Below are some recent examples of Richard's consultancy work:

Nominet’s Knowthenet Social Age Survey
This survey explored the way more than 1000 children aged 8-16 use social media platforms. Richard was the spokesman for this campaign. The survey revealed that:

·Facebook tops the list of sites that kids sign up to underage with 52% of 8-16 year olds admitting they had ignored the site’s official age limit - followed by WhatsApp (40%), BBM (24%), SnapChat (11%) and Ask.fm (8%). At aged ten, over half (59%) of children have used a social network.

·children are opening themselves up to potential risks, with 21% posting negative comments  starting from the average age of 11 and a quarter (26%) hijacking another’s account and posting without permission. Furthermore, 43% have messaged strangers starting from an average age of 12.

·a child’s social media development begins aged nine and over the next four year period, their internet activity evolves from simply viewing content online to being active on social media. At nine, children first access YouTube and at 10, they start using Internet slang (e.g. “BRB”, “YOLO”) and instant messaging.

·at 11 years, children are likely to first post an image or video of themselves, post a nasty comment online and set up a fake social media profile. At 12, they first try Twitter and Whatsapp and message someone online they haven’t met in real life; and at 13, they first try services like SnapChat and try sexting for the first time.

Richard’s contribution to the press release was
"The internet offers wonderful experiences for growing and inquisitive young minds. Yet, as social media has removed the barriers between a young person's public and private self, children can become vulnerable and compulsive online sharing can lead to danger. As this study shows, children are gaining access to social media sites at a younger age, which could expose them to content, people or situations that are out of their depth and which they're not emotionally prepared for.

Parents can no longer protect children by simply trying to limit their online experiences. Instead parents need to maintain an open dialogue and encourage children to share both good and bad online experiences, talk openly and straightforwardly with their children about the risks they may encounter online without scaring them, and make sure they keep up with the latest social media crazes and work with their children rather than trying to control them.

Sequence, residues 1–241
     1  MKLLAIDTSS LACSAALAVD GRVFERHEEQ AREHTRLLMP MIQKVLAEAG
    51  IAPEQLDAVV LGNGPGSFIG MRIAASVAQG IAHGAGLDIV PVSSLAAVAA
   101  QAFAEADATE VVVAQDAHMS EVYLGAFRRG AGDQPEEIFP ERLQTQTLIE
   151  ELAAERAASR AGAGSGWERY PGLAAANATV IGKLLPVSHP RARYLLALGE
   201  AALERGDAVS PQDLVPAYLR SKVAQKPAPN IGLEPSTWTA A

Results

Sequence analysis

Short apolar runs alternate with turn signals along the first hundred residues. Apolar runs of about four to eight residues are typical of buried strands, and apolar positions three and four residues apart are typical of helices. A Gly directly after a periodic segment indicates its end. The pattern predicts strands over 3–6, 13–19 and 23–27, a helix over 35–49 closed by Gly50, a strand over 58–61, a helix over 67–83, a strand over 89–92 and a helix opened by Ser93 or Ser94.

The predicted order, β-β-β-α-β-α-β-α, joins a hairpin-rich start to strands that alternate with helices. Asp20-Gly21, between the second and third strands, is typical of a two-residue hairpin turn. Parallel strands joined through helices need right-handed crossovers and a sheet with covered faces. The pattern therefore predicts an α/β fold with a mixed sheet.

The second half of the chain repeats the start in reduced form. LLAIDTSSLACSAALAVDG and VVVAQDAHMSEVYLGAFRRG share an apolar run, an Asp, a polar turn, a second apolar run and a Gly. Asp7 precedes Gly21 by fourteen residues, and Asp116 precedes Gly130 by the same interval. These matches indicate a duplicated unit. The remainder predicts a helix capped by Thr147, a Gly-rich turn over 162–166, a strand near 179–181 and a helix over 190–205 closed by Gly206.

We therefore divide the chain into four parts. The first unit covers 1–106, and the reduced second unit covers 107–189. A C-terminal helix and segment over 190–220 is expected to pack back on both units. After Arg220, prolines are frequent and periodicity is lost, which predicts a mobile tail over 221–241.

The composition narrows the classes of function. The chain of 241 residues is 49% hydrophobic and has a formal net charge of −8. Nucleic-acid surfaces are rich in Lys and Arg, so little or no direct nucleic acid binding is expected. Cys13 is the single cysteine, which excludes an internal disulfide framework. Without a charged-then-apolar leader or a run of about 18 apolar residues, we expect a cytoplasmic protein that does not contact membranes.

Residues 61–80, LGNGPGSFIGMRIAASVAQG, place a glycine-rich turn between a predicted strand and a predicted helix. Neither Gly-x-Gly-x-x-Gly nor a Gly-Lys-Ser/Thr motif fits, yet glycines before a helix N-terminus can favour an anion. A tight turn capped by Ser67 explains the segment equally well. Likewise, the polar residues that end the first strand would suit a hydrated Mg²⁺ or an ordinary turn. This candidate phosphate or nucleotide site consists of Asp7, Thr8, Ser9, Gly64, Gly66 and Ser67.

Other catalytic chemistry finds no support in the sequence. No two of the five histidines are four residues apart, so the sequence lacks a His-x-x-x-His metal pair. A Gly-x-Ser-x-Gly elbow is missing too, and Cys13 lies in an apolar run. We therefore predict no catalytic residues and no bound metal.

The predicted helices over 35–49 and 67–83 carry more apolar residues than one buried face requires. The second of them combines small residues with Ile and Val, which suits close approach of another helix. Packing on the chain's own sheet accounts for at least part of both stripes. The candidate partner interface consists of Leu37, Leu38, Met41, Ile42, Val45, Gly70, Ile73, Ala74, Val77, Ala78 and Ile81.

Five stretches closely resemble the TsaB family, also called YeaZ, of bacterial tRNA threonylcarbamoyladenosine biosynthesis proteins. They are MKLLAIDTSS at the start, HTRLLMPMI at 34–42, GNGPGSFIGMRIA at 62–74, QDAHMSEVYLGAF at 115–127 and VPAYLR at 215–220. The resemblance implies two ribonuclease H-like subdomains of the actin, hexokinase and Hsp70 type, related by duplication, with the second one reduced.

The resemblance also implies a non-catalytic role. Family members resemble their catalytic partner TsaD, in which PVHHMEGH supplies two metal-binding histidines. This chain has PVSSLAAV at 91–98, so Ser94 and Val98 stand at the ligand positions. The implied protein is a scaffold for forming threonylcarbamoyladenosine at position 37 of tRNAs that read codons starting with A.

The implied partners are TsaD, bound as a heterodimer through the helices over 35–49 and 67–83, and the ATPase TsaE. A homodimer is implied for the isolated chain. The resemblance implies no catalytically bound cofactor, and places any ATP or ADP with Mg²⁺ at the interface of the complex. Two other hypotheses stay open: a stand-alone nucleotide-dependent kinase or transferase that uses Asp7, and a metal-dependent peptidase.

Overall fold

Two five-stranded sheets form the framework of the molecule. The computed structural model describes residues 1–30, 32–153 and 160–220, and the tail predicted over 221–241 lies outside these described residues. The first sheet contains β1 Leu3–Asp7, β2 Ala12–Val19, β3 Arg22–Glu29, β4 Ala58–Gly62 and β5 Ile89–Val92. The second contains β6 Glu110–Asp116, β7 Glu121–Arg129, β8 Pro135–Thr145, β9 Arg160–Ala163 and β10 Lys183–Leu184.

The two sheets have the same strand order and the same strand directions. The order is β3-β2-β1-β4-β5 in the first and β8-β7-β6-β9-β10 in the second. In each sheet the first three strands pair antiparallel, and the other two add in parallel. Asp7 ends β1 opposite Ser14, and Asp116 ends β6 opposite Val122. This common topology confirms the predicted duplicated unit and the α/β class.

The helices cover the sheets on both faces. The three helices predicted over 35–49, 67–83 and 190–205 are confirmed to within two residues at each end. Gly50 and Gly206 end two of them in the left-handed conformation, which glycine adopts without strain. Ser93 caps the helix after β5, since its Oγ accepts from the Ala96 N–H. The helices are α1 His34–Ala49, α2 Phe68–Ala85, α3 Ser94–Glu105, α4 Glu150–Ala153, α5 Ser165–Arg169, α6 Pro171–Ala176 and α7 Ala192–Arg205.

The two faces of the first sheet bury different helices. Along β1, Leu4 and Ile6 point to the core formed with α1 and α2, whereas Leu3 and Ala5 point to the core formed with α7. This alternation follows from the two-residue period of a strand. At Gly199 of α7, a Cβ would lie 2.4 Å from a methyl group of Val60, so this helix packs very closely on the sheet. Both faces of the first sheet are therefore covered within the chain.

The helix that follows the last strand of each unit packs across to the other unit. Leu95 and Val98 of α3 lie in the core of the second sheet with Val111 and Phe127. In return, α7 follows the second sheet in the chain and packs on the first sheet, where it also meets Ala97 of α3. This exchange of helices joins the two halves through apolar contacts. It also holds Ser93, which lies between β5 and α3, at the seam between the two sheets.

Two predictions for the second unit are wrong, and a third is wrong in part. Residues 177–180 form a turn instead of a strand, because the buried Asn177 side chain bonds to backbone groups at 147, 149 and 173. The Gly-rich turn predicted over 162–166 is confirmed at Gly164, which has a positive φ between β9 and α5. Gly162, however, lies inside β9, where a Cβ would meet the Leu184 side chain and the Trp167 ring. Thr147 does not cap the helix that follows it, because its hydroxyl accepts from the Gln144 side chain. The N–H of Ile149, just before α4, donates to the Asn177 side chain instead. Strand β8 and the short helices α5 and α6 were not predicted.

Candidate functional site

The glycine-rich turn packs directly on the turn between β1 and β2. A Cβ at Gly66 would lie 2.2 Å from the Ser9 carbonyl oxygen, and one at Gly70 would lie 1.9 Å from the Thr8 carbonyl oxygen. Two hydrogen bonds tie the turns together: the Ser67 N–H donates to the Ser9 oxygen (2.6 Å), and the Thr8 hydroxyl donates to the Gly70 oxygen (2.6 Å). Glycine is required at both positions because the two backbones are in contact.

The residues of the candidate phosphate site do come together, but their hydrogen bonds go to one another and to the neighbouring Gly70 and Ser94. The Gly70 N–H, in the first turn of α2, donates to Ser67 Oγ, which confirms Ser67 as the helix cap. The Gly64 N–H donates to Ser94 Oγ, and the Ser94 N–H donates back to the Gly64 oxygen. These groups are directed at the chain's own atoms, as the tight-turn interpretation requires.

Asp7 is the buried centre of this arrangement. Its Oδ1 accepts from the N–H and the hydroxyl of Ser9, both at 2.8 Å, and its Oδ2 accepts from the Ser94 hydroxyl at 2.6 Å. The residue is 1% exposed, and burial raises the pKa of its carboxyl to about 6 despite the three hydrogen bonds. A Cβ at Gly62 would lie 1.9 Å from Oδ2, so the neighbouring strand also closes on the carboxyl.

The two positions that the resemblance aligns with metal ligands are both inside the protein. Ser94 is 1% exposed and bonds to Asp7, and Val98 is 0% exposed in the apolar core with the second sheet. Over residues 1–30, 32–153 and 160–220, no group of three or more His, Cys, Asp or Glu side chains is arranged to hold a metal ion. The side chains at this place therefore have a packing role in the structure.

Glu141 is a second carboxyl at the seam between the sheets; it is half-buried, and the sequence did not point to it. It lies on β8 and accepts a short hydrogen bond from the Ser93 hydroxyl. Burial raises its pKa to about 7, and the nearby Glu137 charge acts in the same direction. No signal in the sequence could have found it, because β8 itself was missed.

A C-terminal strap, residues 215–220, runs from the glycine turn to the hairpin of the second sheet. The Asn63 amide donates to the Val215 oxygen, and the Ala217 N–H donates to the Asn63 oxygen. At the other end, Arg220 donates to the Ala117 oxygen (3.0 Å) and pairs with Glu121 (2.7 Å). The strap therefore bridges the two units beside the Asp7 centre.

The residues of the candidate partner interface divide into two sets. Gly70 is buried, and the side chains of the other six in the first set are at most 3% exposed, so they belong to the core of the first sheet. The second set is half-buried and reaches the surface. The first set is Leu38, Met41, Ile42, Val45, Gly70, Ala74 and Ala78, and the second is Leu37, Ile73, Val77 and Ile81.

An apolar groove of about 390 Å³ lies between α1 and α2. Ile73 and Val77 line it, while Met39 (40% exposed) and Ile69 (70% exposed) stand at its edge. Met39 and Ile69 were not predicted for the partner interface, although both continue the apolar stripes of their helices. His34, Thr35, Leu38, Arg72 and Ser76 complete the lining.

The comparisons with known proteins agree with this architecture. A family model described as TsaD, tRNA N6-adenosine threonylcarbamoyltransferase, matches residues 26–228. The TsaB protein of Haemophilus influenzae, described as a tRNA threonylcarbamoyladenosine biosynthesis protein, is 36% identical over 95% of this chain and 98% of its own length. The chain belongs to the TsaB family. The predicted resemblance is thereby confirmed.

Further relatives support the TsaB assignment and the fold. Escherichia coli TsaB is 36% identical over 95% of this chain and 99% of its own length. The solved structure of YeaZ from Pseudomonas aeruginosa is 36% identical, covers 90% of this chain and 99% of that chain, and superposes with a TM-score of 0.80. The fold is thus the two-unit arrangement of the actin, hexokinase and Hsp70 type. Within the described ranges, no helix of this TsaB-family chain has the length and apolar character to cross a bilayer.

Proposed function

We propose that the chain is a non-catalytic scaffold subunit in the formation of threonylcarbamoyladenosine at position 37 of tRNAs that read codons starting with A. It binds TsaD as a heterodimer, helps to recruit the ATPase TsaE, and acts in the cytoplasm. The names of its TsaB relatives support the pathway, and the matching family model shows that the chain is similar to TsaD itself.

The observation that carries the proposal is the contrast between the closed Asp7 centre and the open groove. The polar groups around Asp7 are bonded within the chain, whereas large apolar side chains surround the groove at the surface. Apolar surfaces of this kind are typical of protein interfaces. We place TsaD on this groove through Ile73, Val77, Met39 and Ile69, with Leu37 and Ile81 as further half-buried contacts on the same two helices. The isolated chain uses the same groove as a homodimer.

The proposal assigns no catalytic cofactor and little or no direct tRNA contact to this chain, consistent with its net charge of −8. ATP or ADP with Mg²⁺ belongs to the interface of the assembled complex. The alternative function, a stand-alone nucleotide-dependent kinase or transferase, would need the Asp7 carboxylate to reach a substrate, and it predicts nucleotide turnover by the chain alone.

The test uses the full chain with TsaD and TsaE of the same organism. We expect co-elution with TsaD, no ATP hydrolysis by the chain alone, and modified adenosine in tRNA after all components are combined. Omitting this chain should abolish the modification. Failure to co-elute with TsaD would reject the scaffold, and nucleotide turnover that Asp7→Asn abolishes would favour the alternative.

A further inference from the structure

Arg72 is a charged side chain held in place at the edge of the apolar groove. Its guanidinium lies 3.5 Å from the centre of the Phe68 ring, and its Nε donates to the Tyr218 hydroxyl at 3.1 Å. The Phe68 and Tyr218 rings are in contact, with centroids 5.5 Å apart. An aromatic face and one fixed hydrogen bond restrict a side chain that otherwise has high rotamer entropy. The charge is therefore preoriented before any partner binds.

There was substantial press coverage (click here to view an example).

Richard also gave radio interviews and spoke on Radio 2’s Drivetime Programme about the implications of the survey’s findings:

GrowingUpMilkinfo.com Taste For Technology Campaign
When this campaign was launched, Richard provided a psychological perspective. The press release explained that:  

TV dinners and smartphone suppers begin in toddlerhood for almost two-thirds of the nation’s little ones (62%),  While almost half of UK parents (41%) see the everyday meal occasion as an opportunity for family bonding, the GrowingUpMilkinfo.com research reveals a majority of toddlers (69%) are often transfixed by a screen during family mealtimes and would kick up a fuss if the TV or iPad was switched off.

More than a third of those toddlers watch TV or a DVD (36%) at the table. Hand-held gadgets are next with iPads (28%) coming second, followed by smartphones (24%) and hand-held games (12%). Tantrums (38%) and boredom (35%) are the main reasons most mums and dads turn to technology during mealtimes, with just one in twenty (5%) prioritising the nutrition of their little one at the table.